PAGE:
Learning French (especially as a native English speaker) is a little daunting. Unlike Germanic languages, French draws from Latin, the same as most romantic languages. Luckily, you don’t need to learn every word and phrase before heading to a French-speaking nation. Even if you don’t even know how to say hello in other languages, these common French phrases will at least get you through the door of your favorite French restaurant.
Common French Greetings
Greetings are commonly the most-used phrases when traveling in France. Most travelers claim that after greeting someone, they often default back to their native languages (as long as the French speaker knows said language).
If your native language is English and you are heading to a major city where French is widely spoken, there’s a good chance you’ll be able to bypass French altogether — as long as you approach the French speaker with French greetings.
Hello In French
Some common greetings include:
Good day: Bonjour
Hey there: Coucou
Depending on how well you know the person, you could shake hands or offer a kiss on each of his cheeks.
Pleasantries in French-speaking countries are much more important than in countries where Germanic languages are spoken. You need to acknowledge the other person in a positive manner — no matter your relationship.
One example of when Americans get this wrong is when entering a business. In the states, we always assume ‘the customer is always right’ and ‘it’s the salesperson’s job to greet me.’
In many French-speaking countries, it’s polite not only to say hello to a salesperson when you enter a business — but you should also ask, “How are you?” as well. Entering a store and shopping without acknowledging the proprietor is considered extremely rude.
Hello, how are you?: Bonjour, comment allez-vous?
How is your mother?: Comment va ta mère?
Thank you very much: Merci beaucoup
You’re welcome: Je vous en prie
In addition to asking how someone is doing, you might even ask how that person’s family is that day, too.
Common French Phrases for Traveling
One of our best tips for learning a new language? Go with the most common phrases first. When it comes to traveling, you’ll also want to have a few words in your arsenal to get you from place to place — and know what to say at a hotel or Airbnb. These French phrases for traveling will help get you in, around and back out of any French-speaking country.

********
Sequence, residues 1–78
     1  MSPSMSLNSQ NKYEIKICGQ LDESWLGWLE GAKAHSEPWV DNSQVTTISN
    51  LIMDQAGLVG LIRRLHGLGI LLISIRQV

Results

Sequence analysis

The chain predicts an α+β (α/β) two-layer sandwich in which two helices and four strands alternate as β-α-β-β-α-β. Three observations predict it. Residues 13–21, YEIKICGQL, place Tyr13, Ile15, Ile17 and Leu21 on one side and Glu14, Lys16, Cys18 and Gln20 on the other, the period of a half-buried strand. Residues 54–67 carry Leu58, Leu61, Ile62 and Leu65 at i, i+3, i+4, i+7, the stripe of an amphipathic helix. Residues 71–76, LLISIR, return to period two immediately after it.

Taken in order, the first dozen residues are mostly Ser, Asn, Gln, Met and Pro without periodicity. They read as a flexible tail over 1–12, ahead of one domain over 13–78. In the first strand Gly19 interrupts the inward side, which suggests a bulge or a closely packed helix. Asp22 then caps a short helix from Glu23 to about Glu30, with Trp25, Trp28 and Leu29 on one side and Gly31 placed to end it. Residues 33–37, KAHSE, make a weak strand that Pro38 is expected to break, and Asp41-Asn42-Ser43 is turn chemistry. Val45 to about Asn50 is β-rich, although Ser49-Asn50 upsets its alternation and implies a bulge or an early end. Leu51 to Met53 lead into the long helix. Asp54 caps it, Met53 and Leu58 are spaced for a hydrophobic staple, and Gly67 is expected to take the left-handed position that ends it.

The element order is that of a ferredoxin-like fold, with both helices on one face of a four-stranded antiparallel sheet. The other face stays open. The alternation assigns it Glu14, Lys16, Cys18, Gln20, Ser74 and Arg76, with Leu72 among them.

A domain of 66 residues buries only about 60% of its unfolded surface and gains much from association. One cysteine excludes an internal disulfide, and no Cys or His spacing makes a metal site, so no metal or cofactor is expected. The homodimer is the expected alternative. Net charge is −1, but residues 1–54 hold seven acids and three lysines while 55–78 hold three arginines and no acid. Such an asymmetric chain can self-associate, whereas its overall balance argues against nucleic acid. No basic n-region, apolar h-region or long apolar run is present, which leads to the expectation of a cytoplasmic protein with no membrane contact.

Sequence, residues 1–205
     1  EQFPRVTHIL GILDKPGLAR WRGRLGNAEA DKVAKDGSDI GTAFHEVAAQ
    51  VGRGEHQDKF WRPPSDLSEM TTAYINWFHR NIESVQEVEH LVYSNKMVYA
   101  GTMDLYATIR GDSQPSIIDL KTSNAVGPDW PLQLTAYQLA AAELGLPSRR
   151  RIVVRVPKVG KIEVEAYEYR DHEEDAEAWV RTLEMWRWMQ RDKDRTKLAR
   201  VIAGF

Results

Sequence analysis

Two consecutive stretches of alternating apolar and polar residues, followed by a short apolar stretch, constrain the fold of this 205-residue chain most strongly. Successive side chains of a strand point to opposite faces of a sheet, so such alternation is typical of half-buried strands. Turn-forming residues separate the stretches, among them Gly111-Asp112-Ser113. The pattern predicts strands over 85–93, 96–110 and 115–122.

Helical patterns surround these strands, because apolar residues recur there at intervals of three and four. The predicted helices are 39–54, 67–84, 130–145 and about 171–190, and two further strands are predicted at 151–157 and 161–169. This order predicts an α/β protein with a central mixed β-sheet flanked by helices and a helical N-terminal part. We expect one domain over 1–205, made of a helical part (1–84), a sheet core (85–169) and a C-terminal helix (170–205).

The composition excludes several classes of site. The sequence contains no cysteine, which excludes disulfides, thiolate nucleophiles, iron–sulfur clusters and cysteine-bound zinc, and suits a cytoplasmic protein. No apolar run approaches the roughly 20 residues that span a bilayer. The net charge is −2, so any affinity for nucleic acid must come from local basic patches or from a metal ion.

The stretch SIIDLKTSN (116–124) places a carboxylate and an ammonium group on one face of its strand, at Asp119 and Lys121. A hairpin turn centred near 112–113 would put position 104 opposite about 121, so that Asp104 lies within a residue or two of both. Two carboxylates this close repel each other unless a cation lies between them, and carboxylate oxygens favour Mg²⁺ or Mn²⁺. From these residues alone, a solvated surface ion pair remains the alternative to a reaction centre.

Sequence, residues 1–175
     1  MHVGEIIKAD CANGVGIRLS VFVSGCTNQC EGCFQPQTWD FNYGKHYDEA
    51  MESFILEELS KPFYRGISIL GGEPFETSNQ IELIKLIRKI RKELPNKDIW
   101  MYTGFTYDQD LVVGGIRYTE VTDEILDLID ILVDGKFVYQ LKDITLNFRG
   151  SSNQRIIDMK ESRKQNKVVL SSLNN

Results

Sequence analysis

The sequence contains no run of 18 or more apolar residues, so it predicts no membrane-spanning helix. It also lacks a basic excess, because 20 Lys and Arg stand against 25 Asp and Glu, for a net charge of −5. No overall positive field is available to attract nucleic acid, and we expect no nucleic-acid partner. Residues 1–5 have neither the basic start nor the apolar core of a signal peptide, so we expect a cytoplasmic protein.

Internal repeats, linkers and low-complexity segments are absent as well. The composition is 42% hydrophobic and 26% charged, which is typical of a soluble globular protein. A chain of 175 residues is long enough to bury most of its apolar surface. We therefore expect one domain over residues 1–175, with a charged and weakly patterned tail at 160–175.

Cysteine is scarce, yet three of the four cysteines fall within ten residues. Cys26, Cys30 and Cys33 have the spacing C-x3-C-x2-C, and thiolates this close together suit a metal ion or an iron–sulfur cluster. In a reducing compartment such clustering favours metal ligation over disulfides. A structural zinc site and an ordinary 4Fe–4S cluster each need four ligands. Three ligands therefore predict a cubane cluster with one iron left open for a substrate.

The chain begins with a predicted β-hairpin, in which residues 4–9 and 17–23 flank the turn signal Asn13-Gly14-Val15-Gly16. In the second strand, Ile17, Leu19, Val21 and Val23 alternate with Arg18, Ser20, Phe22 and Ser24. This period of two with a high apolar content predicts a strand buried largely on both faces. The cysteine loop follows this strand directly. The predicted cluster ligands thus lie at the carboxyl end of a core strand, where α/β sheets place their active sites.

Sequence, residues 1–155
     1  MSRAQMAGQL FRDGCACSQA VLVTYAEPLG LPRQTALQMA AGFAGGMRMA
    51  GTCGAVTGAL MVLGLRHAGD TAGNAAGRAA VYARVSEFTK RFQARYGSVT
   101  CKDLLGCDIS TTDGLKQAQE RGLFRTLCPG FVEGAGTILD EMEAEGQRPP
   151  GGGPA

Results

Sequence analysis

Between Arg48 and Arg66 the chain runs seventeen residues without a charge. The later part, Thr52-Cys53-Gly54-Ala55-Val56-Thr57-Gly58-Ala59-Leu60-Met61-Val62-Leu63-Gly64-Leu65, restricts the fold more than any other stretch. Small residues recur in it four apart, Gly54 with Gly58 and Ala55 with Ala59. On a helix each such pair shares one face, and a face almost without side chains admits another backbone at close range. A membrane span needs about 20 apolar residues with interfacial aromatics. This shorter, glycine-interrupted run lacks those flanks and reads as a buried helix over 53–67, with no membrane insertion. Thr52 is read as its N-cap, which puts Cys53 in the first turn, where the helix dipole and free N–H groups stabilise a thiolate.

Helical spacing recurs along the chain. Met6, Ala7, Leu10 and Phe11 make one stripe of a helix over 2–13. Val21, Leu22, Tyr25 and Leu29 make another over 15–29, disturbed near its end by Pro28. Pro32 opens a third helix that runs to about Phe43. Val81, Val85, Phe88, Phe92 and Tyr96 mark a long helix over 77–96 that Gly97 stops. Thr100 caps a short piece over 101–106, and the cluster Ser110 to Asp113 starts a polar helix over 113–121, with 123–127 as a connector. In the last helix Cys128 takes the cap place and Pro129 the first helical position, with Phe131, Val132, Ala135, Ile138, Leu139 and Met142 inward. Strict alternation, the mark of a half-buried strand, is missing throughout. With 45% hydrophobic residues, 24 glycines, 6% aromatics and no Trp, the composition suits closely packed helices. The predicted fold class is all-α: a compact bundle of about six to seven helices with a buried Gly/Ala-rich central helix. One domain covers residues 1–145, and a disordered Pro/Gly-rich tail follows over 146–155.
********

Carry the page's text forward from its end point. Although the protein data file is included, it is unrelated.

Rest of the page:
Getting around a French-speaking country is harder when you don’t have the right vocabulary to get you where you want to go. You’ll want to memorize these French words if you’re planning on traveling without an interpreter.
Taxi: Taxi (easy one, right?)
Gas station: Station-essence
Train station: Gare
These days, most hotels hire English-speaking staff. English has become the universal language of travel, so you can probably check in to your hotel without any problems.
But if you’re staying in a homestay or an Airbnb, you’ll want to make note of a few of these vocab words — or download a translator app that can easily translate text to speech, such as the Vocre app, available on Google Play for Android or the Apple Store for iOS.
French Lodging Phrases
Hello, I have a reservation: Bonjour, j’ai un réservation.
I’d like a no-smoking room: Je voudrais une chambre non-fumeur.
What time is check-out?: A quelle heure dois-je libérer la chambre?
French Lodging Vocabulary
Bed: Lit, couche, bâti
Toilet paper: Papier toilette
Hot water: D’eau chaude
Luckily, most waitstaff in large, French-speaking cities understand English. But again, it’s considered good manners to try to speak french to your waiter before throwing in the towel and defaulting to English.
Table for one, please: Bonjour, une table pour une, s’il vous plaît.
I need a menu please: La carte, s’il vous plaît?
Water, please: Une carafe d’eau, s’il vous plaît?
Restroom: Toilettes or WC
French Figures of Speech
Just like with every language, French has its own figures of speech. It can be extremely confusing (and somewhat comical) to try to figure out what people are saying!
We have eyes bigger than our stomaches: Nous avions les yeux plus gros que le ventre.
The ticket cost me an arm: ce billet m’a coûté un bras.
(In English, we say ‘an arm and a leg,’ but it’s just an arm in French!)
To get broken up with (or dumped): Se faire larguer.
Formal Vs. Informal French Phrases
In French, it’s common to use slightly different words and phrases when you’re speaking to a stranger than you would when speaking to your best friend.
The word for ‘you’ in French is ‘tu’ if you’re speaking to someone you know. If you’re speaking to someone you want to show respect to or a stranger, you would use the formal word for ‘you,’ which is ‘vous.’